If you haven’t been to a listening room before, it’s a place of respect, where artists can sing their songs without all the amps, distortion, screaming fans and cell phone recording distractions. It’s where the song comes to life. So Doe began on acoustic with “A Little More Time,” “Don’t Forget How Much I Love You,” X’s “Poor Girl,” and “The Losing Kind” from the movie Black Snake Moan. “Twin Brother” followed, a soft, sentimental beauty of a song from Doe’s 2005 album, Forever Hasn’t Happened Yet.

Following “Get On Board,” “a song about life … or death,” Doe asked if anyone had any requests, which prompted several people to call out songs from his past, and him electing to sing “Big Moon” from 2007’s A Year In The Wilderness, an album he pulled from several times during his set. Upon singing the opening line, “Won’t you come see me, where I’m stayin’ tonight,” he stopped and joked with Red Dragon Executive Director Chris Maxwell about what a nice hotel he had put him up in.

About eleven songs in, Doe switched to his electric guitar for four songs: Joni Mitchell’s “A Case Of You,” which he called one of the greatest records ever, “Drink Of Water,” “Never Enough” and “There’s A Hole,” a “love song that takes place in San Francisco.”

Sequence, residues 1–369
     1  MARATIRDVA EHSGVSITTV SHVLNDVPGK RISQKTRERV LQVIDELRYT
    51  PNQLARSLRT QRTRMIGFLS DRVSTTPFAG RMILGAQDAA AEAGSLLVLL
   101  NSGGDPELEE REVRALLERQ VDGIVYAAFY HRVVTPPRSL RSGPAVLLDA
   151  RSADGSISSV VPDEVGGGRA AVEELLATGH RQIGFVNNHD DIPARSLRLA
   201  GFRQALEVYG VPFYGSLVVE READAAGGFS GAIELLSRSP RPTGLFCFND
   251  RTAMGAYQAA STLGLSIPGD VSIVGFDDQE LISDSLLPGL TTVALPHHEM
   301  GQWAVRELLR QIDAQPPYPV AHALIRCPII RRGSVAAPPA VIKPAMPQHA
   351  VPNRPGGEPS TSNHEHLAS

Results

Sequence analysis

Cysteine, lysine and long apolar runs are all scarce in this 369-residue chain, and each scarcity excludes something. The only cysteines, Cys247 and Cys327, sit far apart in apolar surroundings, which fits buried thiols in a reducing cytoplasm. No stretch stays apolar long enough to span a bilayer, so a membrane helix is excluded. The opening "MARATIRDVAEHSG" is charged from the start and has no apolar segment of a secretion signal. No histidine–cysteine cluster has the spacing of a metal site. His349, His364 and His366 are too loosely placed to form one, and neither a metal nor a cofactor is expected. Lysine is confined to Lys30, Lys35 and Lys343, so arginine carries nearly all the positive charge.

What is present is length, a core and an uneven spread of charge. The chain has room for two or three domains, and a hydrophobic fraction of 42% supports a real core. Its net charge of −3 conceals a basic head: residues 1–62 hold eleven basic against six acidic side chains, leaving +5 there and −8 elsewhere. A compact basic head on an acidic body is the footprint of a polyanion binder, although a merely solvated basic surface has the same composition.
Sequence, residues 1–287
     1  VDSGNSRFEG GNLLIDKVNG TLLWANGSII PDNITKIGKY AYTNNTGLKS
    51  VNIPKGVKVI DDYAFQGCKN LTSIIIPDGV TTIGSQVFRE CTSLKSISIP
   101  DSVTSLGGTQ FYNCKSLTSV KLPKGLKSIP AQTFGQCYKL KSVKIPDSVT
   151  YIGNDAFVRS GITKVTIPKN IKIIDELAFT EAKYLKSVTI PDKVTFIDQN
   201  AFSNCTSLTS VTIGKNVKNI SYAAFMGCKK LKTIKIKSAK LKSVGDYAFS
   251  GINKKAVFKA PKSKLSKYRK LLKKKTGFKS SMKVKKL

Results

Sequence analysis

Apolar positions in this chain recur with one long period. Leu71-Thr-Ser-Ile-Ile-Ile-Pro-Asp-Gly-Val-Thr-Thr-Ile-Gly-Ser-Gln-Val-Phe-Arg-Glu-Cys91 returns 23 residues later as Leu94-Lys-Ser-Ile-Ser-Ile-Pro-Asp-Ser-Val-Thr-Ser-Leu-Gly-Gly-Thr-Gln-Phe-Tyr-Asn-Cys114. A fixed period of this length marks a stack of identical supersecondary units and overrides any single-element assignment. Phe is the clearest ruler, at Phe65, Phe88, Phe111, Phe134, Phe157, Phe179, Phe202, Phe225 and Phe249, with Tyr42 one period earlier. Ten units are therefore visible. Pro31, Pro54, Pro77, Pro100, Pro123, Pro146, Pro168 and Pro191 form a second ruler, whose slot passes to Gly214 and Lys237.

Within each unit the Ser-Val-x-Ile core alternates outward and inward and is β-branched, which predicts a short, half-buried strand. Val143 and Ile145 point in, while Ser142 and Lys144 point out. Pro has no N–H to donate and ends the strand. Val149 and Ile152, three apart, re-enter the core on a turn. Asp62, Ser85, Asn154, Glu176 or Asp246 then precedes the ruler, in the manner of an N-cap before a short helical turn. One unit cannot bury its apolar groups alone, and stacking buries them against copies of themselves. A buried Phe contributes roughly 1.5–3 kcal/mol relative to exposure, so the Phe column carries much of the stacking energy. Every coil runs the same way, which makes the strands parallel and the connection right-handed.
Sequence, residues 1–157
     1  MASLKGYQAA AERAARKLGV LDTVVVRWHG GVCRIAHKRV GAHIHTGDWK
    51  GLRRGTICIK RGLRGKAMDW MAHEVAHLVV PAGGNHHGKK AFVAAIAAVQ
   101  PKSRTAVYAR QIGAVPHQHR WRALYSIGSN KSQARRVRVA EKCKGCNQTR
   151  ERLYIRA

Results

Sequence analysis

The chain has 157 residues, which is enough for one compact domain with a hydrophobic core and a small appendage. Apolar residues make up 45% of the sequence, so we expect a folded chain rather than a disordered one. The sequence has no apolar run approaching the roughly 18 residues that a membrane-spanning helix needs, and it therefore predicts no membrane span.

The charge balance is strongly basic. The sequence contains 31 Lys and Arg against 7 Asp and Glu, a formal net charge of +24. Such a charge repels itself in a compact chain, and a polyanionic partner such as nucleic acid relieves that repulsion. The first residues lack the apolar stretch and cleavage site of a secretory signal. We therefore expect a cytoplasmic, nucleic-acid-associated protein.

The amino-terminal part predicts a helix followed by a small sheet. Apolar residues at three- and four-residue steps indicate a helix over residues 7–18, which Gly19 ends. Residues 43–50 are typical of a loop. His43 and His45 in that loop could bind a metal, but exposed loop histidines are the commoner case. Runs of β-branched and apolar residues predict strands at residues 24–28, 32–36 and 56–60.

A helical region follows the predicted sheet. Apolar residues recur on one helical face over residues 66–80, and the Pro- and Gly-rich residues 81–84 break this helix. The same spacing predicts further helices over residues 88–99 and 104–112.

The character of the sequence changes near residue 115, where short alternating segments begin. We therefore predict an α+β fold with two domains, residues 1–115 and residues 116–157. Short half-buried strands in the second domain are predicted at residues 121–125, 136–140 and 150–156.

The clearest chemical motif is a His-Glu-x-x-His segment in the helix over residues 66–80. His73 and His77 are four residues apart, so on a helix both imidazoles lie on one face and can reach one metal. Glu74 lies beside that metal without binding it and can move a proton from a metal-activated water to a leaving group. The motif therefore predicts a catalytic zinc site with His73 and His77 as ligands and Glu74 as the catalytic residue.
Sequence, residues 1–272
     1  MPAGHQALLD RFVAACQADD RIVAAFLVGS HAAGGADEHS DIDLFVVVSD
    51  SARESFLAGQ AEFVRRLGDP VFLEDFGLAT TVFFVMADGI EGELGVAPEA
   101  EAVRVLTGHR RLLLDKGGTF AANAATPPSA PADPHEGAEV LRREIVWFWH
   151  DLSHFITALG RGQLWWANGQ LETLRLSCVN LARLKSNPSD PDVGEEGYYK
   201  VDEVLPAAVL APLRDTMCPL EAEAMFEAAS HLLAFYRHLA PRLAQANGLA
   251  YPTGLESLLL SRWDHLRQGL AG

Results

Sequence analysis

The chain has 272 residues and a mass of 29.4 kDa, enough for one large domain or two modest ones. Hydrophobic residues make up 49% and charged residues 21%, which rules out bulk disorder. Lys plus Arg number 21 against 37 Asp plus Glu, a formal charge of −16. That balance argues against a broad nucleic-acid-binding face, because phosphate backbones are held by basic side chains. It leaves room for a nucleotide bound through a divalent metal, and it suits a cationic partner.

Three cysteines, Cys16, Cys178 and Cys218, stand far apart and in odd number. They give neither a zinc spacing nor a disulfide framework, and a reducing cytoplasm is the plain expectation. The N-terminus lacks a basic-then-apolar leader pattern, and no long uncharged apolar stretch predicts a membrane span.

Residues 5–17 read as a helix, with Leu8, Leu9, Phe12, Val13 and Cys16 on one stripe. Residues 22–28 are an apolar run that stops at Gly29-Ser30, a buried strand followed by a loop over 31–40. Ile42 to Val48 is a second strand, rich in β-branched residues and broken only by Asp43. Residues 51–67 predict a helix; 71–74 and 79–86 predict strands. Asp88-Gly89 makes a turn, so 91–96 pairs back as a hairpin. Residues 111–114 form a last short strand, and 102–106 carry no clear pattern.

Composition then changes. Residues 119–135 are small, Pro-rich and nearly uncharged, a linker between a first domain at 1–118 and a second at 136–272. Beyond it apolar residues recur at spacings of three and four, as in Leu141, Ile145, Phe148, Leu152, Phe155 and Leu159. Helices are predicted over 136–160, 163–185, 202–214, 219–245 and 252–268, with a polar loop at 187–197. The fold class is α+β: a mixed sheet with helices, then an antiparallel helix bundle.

Doe was chatty with the crowd between songs, quipping about what inspired some songs and joking about others. He said “Drink Of Water” was about the drought in California and that Cervenka wrote most of the words to “New World.” He introduced “Knockin’ Around” from his debut solo album as being a song he liked but didn’t know who wrote it, eventually finding out that it was Baton Rouge songwriter Butch Hornsby (who passed away in 2004 from leukemia). “This is for him.”

Doe also paid tribute to his friend Harry Dean Stanton, who passed away in September, by recalling when he asked the actor if he wanted to sing some songs with him when they starred in “a shitty movie” together [although Doe didn’t say the name of the film, it was most likely 1987’s Slam Dance]. Stanton went to Doe’s to rehearse “for four hours on four songs.” But then afterwards he noticed Stanton started playing gigs. “I unleashed Harry Dean!” he joked. To “honor Harry Dean,” Doe performed the Mexican song “Cancion Mixteca,” which Stanton sang in the 1984 movie Paris, Texas. It was absolutely beautiful.